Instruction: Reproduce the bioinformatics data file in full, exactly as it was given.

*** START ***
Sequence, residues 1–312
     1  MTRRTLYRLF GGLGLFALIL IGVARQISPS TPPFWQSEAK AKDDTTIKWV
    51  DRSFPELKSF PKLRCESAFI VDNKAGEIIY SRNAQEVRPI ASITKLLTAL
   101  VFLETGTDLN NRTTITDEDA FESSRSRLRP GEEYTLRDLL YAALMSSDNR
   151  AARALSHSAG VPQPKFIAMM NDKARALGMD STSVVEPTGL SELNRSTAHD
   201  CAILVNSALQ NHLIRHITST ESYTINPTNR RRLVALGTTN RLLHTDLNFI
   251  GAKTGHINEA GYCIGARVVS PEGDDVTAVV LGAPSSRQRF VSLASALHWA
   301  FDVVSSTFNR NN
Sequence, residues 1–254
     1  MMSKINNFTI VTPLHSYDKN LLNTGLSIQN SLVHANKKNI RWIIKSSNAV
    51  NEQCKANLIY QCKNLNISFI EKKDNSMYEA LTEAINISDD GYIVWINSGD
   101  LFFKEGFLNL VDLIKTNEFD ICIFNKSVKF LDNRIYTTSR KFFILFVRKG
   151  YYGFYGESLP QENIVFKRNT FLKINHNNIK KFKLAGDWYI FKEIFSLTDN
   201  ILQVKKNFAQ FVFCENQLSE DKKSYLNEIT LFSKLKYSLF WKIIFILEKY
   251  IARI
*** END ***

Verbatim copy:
Sequence, residues 1–312
     1  MTRRTLYRLF GGLGLFALIL IGVARQISPS TPPFWQSEAK AKDDTTIKWV
    51  DRSFPELKSF PKLRCESAFI VDNKAGEIIY SRNAQEVRPI ASITKLLTAL
   101  VFLETGTDLN NRTTITDEDA FESSRSRLRP GEEYTLRDLL YAALMSSDNR
   151  AARALSHSAG VPQPKFIAMM NDKARALGMD STSVVEPTGL SELNRSTAHD
   201  CAILVNSALQ NHLIRHITST ESYTINPTNR RRLVALGTTN RLLHTDLNFI
   251  GAKTGHINEA GYCIGARVVS PEGDDVTAVV LGAPSSRQRF VSLASALHWA
   301  FDVVSSTFNR NN
Sequence, residues 1–254
     1  MMSKINNFTI VTPLHSYDKN LLNTGLSIQN SLVHANKKNI RWIIKSSNAV
    51  NEQCKANLIY QCKNLNISFI EKKDNSMYEA LTEAINISDD GYIVWINSGD
   101  LFFKEGFLNL VDLIKTNEFD ICIFNKSVKF LDNRIYTTSR KFFILFVRKG
   151  YYGFYGESLP QENIVFKRNT FLKINHNNIK KFKLAGDWYI FKEIFSLTDN
   201  ILQVKKNFAQ FVFCENQLSE DKKSYLNEIT LFSKLKYSLF WKIIFILEKY
   251  IARI